Raking leaves, Sir Ontzlake reflected, is much overrated, especially in the wind and rain. He’d been trying to read, but the maples outside the garden kept throwing down their soggy leaves one by one, like gauntlets, and so, with knitted brow, he’d taken up his rake and gone forth to meet them like a man. He was bundled up under his armour (a good knight is always prepared for attack) but some of the rain got through, and it was the kind of rain that had no right to be rain – snow in rain’s clothing, he thought. It was unfairly cold.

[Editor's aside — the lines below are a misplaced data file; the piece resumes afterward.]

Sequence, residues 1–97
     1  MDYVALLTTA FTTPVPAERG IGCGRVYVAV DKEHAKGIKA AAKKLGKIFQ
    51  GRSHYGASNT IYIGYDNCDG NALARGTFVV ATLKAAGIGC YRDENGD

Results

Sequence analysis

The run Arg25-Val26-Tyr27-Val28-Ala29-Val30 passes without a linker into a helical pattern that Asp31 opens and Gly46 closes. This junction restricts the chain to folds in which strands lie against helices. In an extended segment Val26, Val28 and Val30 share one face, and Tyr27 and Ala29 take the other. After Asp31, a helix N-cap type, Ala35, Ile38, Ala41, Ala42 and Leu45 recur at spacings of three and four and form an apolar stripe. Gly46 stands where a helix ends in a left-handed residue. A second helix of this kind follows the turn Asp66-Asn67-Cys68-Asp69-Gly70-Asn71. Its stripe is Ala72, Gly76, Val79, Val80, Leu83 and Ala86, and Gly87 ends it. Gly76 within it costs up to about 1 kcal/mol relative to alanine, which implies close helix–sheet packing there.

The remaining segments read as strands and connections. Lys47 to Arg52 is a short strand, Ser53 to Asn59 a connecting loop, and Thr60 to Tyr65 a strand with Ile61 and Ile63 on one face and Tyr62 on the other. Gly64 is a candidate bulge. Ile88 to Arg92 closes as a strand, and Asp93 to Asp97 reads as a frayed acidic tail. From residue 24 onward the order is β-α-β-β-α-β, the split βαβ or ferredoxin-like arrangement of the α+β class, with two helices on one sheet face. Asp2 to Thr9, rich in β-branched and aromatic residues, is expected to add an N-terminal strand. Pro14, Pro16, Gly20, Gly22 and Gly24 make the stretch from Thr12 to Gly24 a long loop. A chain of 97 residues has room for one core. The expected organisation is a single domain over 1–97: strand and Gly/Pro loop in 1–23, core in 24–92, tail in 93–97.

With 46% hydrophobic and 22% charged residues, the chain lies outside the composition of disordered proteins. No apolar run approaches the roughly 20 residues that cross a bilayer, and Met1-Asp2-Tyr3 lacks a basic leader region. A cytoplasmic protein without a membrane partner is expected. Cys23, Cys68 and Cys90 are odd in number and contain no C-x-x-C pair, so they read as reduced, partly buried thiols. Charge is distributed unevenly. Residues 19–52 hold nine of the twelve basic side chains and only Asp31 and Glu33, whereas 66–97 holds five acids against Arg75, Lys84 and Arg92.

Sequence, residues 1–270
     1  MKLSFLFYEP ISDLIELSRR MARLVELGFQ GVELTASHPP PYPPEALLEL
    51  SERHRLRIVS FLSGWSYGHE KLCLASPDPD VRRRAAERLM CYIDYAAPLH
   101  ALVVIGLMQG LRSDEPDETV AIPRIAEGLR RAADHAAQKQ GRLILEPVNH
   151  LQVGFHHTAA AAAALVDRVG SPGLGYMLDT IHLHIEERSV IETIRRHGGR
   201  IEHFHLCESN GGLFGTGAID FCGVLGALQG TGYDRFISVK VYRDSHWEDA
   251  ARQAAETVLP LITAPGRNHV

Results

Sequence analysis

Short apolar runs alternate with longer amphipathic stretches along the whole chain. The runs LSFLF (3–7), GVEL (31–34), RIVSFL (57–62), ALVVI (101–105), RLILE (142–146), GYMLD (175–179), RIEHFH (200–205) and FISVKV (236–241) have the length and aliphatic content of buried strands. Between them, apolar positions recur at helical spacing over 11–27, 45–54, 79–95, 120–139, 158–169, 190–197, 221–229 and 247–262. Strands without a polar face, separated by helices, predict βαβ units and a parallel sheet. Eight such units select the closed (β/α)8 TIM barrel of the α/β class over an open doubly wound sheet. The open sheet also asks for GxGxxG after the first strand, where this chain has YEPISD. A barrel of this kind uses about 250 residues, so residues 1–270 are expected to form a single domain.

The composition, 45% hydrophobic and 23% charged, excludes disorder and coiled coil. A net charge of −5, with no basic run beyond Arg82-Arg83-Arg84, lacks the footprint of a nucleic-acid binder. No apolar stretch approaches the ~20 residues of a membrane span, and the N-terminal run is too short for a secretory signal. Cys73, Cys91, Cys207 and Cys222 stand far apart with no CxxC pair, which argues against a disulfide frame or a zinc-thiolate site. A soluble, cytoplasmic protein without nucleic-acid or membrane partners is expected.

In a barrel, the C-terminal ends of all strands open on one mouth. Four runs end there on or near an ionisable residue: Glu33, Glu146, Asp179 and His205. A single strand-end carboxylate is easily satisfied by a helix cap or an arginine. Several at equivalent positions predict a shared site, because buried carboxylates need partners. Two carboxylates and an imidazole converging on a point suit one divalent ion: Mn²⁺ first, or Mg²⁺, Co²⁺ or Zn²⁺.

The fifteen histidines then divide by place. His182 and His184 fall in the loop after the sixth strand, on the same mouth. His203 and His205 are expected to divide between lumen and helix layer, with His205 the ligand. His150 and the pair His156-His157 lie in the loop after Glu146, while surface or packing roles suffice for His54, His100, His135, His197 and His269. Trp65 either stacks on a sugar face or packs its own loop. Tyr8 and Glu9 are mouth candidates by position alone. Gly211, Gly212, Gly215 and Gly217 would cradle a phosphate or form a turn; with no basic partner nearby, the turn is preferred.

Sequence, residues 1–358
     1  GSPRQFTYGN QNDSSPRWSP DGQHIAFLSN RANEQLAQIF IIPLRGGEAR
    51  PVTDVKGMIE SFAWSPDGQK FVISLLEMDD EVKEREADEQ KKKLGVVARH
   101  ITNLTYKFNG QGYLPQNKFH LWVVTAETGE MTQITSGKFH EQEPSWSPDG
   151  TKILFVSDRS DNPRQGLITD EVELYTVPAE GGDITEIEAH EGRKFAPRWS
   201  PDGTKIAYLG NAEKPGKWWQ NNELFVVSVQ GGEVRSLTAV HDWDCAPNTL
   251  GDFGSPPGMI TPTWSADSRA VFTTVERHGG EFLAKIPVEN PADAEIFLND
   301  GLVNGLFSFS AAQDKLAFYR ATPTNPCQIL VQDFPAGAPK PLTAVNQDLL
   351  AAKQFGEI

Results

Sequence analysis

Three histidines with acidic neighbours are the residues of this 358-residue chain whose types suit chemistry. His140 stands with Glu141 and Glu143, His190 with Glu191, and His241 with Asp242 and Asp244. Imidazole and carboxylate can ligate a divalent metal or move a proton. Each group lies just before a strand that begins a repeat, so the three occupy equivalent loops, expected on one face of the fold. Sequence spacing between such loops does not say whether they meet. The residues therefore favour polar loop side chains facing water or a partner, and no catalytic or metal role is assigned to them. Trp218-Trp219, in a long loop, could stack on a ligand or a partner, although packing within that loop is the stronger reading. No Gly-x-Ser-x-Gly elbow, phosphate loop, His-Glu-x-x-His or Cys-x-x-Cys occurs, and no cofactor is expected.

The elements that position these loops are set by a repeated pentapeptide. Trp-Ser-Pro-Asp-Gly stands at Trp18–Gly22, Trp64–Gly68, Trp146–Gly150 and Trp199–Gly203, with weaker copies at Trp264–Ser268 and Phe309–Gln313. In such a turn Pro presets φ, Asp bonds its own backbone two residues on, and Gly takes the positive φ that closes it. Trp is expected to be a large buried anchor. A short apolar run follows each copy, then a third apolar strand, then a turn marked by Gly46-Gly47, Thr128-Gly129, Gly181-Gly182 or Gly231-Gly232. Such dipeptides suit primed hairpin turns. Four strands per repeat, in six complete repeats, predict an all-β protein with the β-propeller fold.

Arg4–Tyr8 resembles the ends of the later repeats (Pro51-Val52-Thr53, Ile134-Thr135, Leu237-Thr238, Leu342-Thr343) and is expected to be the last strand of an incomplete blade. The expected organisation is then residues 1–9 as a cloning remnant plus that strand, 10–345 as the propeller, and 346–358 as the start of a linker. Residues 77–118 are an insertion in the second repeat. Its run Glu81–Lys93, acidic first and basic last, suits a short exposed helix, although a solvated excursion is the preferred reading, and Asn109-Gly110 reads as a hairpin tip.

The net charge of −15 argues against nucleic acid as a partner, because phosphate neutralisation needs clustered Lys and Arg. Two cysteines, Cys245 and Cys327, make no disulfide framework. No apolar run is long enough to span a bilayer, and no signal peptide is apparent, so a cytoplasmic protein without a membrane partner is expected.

He raked furiously for a while to keep warm. After a while a gust came up and he swooped down with his rake, meaning to corral any escaping leaves from an existing pile. The pile was duly squashed, but the leaves bunched up on the end of the rake, as wet leaves will. Shaking the rake is no good, he thought, The leaves are all wet and they won’t come off. But he shook it anyway, and frowned when it made no difference. Every book he’d ever read that mentioned raking leaves made the activity seem joyous and frolicsome. Some of the illuminated books even showed depictions of children jumping into piles of leaves. Like jumping into a garbage dump, he grumped, while he raked up slugs and poisonous mushrooms with indiscriminate swipes.